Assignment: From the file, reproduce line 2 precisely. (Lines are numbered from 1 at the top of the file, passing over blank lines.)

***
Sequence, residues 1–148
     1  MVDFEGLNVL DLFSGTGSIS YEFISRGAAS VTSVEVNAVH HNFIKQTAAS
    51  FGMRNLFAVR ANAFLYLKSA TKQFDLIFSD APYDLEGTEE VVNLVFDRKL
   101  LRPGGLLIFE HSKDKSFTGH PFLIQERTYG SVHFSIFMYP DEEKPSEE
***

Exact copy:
     1  MVDFEGLNVL DLFSGTGSIS YEFISRGAAS VTSVEVNAVH HNFIKQTAAS